'Finn would add oomph to England's attack’

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iol spt jul1 Finn Getty Images File Photo: Steven Finn led England's attack in the absence of the injured James Anderson as Australia were held to 251 for seven in the second ODI.

London - Make no mistake, England have been blown away here, and after winning an important toss too. South Africa have done to England what they themselves have done to so many other sides in recent years and completely overpowered them.

At 270 for three at the start of the second day, England would have expected to get 500, throw the ball to their much-heralded attack and pile the pressure on South Africa. So for Graeme Smith’s side to turn that around so emphatically is a superlative effort.

This is an England bowling attack that we have been proud of and for them to take only two wickets in the match is the biggest concern. For once it has been the opposition who have had far more options with the ball, the seamers moving it more and the spinner turning it more.

England now know, if there were any doubts, that here is a side who represent a serious challenge to their status as the world’s No 1 Test team. This has been the most complete performance, even down to an unusually positive declaration. I wouldn’t have liked to have played against this lot.

It has to be a worry that on a pretty flat pitch South Africa were able to take 18 more wickets than England. So much of a worry, indeed, that if the wicket at Headingley is similar I cannot see how England could possibly field the same attack in the second Test. The psychological advantage that South Africa would have will surely be too great after this.

England will have to consider bringing in Steven Finn for Tim Bresnan, as much as anything for the “oomph” that has been lacking here. England cannot afford to worry about the extra runs Bresnan might offer when they need to make more of an impression with the ball.

Yet this is not the time to panic. England have got where they are with consistently brilliant cricket and one bad game does not mean they need to make big changes. They must think rationally and come up with the best ways to hit back.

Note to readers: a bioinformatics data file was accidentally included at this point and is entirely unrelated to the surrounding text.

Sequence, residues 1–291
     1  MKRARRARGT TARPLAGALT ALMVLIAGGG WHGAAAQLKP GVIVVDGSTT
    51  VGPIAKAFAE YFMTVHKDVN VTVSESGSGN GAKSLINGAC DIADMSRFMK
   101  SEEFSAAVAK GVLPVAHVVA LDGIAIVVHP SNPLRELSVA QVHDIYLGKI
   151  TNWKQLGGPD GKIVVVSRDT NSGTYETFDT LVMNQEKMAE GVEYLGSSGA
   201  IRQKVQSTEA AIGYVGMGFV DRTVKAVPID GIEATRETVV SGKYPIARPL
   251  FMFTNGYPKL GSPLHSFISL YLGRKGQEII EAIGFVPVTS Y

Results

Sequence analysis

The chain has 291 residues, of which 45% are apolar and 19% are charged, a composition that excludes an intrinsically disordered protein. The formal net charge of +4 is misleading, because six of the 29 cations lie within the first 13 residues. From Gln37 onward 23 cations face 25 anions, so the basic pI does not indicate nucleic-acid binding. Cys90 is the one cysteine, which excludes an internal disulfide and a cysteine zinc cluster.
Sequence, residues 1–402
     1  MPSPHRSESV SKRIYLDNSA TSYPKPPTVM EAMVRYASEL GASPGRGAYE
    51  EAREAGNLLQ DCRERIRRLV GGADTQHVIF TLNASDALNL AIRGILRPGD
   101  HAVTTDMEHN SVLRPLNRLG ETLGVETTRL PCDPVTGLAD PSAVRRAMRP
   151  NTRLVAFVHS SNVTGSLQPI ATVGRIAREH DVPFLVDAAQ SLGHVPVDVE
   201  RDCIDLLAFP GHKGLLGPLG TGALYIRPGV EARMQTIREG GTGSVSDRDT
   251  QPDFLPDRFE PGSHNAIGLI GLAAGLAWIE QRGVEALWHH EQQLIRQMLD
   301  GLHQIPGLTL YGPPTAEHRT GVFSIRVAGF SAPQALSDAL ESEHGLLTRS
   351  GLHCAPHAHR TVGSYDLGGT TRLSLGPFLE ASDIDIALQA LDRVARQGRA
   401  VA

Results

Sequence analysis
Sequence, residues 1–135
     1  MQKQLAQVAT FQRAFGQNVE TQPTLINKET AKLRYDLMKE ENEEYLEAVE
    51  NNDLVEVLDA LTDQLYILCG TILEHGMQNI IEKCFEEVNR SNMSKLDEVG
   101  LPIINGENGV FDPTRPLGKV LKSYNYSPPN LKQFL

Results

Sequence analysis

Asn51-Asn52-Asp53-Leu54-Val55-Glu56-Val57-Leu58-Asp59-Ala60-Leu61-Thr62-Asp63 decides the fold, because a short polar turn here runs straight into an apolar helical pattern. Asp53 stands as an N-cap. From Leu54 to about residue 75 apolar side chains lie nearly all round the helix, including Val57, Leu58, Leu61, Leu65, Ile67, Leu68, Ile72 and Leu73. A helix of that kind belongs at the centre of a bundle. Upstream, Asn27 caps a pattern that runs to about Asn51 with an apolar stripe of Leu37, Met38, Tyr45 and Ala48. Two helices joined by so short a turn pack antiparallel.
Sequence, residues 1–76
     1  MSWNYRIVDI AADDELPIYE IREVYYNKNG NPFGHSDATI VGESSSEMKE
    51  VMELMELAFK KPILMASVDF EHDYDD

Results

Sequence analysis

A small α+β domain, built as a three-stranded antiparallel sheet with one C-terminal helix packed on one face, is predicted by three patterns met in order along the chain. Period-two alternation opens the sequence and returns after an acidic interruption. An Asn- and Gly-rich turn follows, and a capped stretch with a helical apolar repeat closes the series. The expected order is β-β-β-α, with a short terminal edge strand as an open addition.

If there is more movement at Headingley then England should again look like the attack we have become accustomed to watching. Movement would breed confidence among the bowlers and uncertainty in batsmen. Then Smith and Hashim Amla’s pads might suddenly look a bit bigger and Jacques Kallis might get a bit squared up, as he has been in the past in England. All is not lost.

I do not think England’s batsmen are as culpable for this defeat as the bowlers. Yes, there were some bad shots, particularly in the second innings, but much of that was down to scoreboard pressure and the quality of the opposition. Look at the way South Africa set up Kevin Pietersen. Morne Morkel worked him over with the short ball to push him back - not too many attacks have the quality to do that - and his technique was affected. Brilliant bowling.

There will now be calls for all sorts of names to come in but, for me, Ravi Bopara should play at Headingley. People might say I’m biased towards an Essex man but all I want to see is Bopara handed a proper chance.

In a funny way I think the English public will have enjoyed this week. They wanted to see a team who could seriously test England and they have got one. This is real Test cricket. - Daily Mail

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